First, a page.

The US TIP office also spent about $1.5 million in Honduras between 2004 and 2012, most going to an organization called the Cooperative Housing Foundation International (CHF), which the organization used “to coordinate and streamline victim services provided by public institutions and created employment opportunities for victims to help them reintegrate into society. Global Communities also supported institutional counter-trafficking efforts by building the capacity of Honduran actors to implement the new anti-trafficking laws.”20

Promotion and adoption of new norms and practices

The embassy pressed for the government to address corruption among immigration officials, which “facilitated the trafficking of tens of thousands of persons to the United States over the past two decades.” The embassy claimed that thanks to “a few dedicated individuals” in the government, the pressure led to a move from “denial, to lip service, to meaningful efforts.”21

The TIP Report has also come to play a role in domestic policy discussions. Urbina reported that when the US ambassador submits the TIP Report, the Commission Against Trafficking in Persons holds a public forum on the issue and invites all the relevant state officials to discuss the report and stress its recommendations.22

Conditioning factors

The effectiveness of scorecard diplomacy was diminished by the huge distractions of other pressing problems as well as by disruptions in the government itself and subsequently its relationship with the US.

Major obstacles in Honduras included a much higher focus on drug trafficking and crime, endemic corruption and poverty, political instability and poor data. The TIP issue was also tied up in immigration politics. One Ecuadorian newspaper article called “Hondurans are Slaves” identified the lack of conversation on immigration policy with the US as the cause for so much trafficking. Though not explicitly so, the article portrayed the US as hypocritical for demanding a lot of Honduras for the cause without itself addressing its immigration policy that also drives the problem.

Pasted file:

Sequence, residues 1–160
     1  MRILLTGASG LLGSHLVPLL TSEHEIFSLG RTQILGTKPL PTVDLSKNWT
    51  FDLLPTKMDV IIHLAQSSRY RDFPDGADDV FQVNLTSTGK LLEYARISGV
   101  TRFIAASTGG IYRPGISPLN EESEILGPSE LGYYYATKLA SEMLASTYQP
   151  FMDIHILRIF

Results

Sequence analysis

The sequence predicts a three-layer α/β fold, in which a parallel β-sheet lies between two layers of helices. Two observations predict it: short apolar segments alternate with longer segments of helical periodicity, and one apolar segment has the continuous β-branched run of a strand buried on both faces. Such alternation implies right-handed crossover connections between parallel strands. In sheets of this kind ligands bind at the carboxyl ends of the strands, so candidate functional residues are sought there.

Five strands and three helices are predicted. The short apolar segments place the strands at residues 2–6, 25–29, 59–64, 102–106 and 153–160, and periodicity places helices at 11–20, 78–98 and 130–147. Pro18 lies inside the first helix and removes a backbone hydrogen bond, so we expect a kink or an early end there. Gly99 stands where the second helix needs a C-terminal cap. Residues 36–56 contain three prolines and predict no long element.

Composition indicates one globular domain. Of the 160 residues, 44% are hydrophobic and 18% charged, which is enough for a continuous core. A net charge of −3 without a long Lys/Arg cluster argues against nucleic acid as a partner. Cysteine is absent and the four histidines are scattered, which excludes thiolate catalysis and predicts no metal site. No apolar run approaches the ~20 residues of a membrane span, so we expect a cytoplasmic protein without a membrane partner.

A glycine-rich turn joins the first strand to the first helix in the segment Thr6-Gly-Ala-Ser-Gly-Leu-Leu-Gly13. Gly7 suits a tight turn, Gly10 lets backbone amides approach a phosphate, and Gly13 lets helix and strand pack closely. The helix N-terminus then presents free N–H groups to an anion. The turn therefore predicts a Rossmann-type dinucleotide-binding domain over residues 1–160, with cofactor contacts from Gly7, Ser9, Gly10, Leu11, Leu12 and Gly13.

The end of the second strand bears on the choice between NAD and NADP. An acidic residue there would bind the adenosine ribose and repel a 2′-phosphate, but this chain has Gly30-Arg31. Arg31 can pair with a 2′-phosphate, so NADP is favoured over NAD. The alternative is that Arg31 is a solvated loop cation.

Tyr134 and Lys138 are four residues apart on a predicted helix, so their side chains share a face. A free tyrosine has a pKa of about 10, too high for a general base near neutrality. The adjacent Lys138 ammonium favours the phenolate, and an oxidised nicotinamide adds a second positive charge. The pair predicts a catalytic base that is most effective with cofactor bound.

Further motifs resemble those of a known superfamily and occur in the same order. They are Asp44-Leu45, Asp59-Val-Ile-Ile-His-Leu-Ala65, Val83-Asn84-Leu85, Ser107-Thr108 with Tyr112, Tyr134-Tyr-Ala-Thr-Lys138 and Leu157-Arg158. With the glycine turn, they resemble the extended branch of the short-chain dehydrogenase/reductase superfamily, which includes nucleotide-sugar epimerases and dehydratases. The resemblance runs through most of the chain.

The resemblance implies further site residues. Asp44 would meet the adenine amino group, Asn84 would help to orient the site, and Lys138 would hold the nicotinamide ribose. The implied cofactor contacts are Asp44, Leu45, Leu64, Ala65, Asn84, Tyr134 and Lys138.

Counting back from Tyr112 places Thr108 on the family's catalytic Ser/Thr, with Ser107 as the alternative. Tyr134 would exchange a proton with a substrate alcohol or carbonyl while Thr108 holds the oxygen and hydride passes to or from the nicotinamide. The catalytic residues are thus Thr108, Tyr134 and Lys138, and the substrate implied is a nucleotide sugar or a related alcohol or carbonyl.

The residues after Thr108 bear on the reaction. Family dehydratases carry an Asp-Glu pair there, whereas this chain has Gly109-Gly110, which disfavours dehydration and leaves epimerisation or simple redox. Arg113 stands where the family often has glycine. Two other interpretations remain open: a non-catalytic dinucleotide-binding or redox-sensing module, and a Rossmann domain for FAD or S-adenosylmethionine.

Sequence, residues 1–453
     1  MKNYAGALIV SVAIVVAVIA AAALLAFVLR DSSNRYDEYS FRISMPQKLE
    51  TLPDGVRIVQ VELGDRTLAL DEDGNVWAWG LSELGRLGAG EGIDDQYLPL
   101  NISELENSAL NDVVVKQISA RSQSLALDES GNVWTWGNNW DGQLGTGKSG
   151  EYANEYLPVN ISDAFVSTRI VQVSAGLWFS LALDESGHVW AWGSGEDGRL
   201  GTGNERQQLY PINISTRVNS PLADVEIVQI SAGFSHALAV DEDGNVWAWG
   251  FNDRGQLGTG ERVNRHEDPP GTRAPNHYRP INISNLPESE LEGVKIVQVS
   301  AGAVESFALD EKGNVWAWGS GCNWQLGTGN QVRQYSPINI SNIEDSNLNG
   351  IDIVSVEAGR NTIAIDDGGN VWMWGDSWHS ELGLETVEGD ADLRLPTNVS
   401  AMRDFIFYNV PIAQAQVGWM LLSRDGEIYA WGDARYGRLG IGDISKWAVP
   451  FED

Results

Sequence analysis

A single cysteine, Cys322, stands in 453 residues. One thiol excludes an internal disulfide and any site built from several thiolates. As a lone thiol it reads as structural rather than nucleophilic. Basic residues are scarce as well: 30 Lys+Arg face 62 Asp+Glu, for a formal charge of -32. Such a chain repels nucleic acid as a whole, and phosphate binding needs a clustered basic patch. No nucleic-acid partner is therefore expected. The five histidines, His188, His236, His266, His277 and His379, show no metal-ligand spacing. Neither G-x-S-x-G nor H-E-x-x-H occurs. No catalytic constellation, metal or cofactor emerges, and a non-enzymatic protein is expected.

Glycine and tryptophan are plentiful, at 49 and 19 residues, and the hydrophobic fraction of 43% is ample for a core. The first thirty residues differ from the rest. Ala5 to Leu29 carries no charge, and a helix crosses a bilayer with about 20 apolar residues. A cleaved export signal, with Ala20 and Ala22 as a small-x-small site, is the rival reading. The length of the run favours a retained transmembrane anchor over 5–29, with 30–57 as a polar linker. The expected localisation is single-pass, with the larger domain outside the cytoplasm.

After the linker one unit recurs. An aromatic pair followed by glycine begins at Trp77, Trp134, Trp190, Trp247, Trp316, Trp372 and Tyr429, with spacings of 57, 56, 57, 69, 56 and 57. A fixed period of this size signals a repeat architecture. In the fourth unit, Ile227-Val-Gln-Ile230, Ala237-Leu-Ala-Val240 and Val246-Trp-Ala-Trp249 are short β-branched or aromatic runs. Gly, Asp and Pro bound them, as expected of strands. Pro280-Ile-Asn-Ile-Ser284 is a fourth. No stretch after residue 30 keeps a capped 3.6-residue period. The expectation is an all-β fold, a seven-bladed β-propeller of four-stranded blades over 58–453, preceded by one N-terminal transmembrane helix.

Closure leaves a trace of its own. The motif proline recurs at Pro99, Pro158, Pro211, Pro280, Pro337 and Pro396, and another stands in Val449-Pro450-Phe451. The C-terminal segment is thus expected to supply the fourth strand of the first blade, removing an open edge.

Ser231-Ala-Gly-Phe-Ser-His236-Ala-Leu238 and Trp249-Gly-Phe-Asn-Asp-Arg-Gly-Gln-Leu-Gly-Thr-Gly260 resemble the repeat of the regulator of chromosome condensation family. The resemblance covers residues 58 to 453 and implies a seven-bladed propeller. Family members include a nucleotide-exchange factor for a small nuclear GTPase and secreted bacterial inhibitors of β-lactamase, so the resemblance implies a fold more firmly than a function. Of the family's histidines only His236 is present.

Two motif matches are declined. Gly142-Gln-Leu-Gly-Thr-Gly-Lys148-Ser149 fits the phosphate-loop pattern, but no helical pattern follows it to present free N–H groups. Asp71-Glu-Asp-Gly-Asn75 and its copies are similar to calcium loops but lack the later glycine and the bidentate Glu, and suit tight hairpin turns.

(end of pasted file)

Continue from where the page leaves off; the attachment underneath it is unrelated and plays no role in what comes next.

After the coup d’état of June 2009, the US halted communication with the government, which paused all TIP interaction except with NGOs until the new president was elected in January 2010. In general, collaboration has ebbed and flowed, seemingly held hostage mostly to other overwhelming priorities and poor capacity to implement and follow through. Meanwhile, any influence the US did have was facilitated by the US economic leverage and provision of assistance.


  2. Interview, phone. April 1, 2013. Conducted in Spanish by Renata Dinamarco.



  5. 04TEGUCIGALPA1384

  6. 06TEGUCIGALPA2130


  8. 04TEGUCIGALPA2049

  9. 06TEGUCIGALPA2130



  12. 04TEGUCIGALPA1339_a

  13. 05TEGUCIGALPA456

  14. 07TEGUCIGALPA432_a

  15. 2012 TIP Report

  16. 2014 TIP Report

  17. Interview with Ms. Nora Suyapa Urbina Pineda, president of the Comisión Contra la Trata de Personas (Commission Against Trafficking in Persons). April 1, 2013. Phone interview by Renata Dinamarco, in Spanish.

  18. 07TEGUCIGALPA432

  19. 07TEGUCIGALPA1794_a

  20. “Honduras.” Web, http://www.globalcommunities.org/honduras, Accessed December 27, 2016.

  21. 06TEGUCIGALPA1333

  22. Interview with Ms. Nora Suyapa Urbina Pineda, president of the Comisión Contra la Trata de Personas (Commission Against Trafficking in Persons). April 1, 2013. Phone interview by Renata Dinamarco, in Spanish.